The main reason why this is so enjoyable is the pacing, so let’s give a hooray to action directors Han Ying-Chieh and Leung Siu-Chung for coming up with modern action film pacing 40 years ago! Sure, with the vast amount of action going on vs the probably minuscule shooting schedule, the action isn’t complex, and most characters get killed in a slash or two, but there is a ton of it and it makes up for the complex swordfighting that was still in its infancy at the time.

Sword of Emei was originally filmed in color, but the only released version I could find was a black and white vcd with a beat up print and burnt in subs (subtitles are rare on a lot of these films, so I’ll take what I can get!) thus explaining these blurry, blown up screencaps I have for you. According to the cast listings, there is an attempt to give some cross-national appeal with Mitr Chaibancha! Except I couldn’t spot him and didn’t even know he was supposed to be in this film until after it was over. Oops! Sammo Hung Kam-Bo is also somewhere among the many men slaughtered, but with all the carnage, he could be Guard #3 or Guard #343! So instead, let’s focus on the cast we know:

Masked Mau (Josephine Siao Fong-Fong) – Masked Mau is also called Masked Hero in the subtitles. She’s the mysterious thief giving people fits and also dispensing justice from the end of a blade…a Chin Fang Sword blade, which is like the best sword blade ever! No one knows who she is or that’s she’s even a she! Who could she be…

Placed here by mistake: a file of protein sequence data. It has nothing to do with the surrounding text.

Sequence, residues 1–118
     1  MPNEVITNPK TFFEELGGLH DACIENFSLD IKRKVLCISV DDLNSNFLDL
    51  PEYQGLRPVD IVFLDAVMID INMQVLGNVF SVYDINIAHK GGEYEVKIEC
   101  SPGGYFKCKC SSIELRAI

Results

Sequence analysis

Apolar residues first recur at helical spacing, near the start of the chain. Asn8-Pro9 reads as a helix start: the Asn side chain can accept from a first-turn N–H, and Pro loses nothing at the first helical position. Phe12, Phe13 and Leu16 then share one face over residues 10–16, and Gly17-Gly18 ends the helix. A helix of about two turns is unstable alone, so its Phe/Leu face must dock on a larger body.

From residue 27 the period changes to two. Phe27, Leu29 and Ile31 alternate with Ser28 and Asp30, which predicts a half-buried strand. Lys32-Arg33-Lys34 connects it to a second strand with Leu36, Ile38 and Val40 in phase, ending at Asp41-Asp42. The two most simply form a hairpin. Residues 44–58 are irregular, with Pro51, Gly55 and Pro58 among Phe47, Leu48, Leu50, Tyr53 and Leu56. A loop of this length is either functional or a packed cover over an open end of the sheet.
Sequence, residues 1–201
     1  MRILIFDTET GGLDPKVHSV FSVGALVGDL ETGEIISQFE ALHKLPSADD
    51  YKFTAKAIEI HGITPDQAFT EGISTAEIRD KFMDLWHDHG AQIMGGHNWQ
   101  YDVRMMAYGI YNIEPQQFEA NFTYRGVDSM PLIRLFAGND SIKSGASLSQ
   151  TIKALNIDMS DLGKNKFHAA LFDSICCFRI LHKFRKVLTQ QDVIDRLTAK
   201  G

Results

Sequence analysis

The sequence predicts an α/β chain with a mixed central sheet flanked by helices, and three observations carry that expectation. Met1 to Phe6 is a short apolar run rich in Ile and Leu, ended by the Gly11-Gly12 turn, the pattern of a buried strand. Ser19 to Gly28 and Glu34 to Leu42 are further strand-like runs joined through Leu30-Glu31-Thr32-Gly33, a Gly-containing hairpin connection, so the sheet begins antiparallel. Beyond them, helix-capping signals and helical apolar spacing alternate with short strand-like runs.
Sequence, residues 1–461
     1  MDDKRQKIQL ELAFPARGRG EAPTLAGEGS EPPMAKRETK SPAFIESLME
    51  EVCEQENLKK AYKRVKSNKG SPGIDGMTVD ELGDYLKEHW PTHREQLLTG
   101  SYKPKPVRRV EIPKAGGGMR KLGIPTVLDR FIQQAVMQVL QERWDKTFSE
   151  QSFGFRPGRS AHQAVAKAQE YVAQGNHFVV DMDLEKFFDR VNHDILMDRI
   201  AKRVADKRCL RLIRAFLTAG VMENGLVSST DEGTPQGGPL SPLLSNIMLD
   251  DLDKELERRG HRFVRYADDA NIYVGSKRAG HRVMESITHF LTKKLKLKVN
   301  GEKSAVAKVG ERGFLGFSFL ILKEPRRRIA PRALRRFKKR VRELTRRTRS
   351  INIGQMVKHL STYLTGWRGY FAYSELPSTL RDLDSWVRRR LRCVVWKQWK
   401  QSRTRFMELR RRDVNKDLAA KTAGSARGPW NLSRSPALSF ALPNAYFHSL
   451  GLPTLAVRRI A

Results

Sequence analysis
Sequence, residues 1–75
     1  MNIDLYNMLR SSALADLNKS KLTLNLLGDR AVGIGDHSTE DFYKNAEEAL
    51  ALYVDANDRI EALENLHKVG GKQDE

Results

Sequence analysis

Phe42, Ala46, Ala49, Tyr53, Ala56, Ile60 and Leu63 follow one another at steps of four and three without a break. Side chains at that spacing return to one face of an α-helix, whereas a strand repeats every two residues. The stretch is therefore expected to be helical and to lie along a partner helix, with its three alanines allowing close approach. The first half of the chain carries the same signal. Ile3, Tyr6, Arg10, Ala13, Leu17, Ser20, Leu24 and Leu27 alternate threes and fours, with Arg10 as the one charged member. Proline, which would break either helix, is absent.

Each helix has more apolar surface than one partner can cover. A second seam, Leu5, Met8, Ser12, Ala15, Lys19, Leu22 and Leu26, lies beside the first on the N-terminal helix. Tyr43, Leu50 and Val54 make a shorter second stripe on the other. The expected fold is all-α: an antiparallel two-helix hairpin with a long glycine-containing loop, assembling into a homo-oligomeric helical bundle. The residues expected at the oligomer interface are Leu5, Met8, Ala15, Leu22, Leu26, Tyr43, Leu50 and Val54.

Lo Fang-ying (Josephine Siao Fong-Fong) – orphan raised by relatives who own an inn. Her Uncle Ma taught her to hunt, shoot, and swordfight, which she totally doesn’t use as skills when dressed up as a masked thief who goes all Robin Hood on villains. Nope!
Au King (Kenneth Tsang Kong) – Mystery swords guy who comes into town just in time to catch Masked Mau, but he actually falls for her and Lo Fang-ying, which we knew would happen because he’s the only available guy in the film who isn’t instantly killed!
Lord Chao Pai-tien (Sek Kin) – Jerk who acts like a jerk because his brother-in-law is the evil emperor. Terrorizes the land and the people, and totally hits on all the young ladies. But don’t tell him he does that, because he hates facts as well.
Uncle Ma (Ling Mung) – Fang-ying’s uncle who has raised her since her parents were murdered by Lord Chao. Taught her the fighting skills she uses to slaughter hundreds of people.
Aunt Ma (Yung Yuk-Yi) – Fang-ying’s aunt who isn’t too keen on all this heroine business until she decides to pick up a sword and kill people as well. And she’s good at it. Which means she had combat training also and probably killed lots of dudes…
Hsiao Lan (Sum Chi-Wah) – Constantly endangered girl who made the mistake of being attractive in an area where Lord Chao wants all hot babes chained to his bed. Wears a hairstyle that looks like she’s sporting a mickey mouse hat at certain angles.


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1 comment - What do you think?
Posted by Tars Tarkas - June 7, 2012 at 12:46 am

Categories: Bad, Movie Reviews   Tags: , , , , , , , , , , , , , , , , ,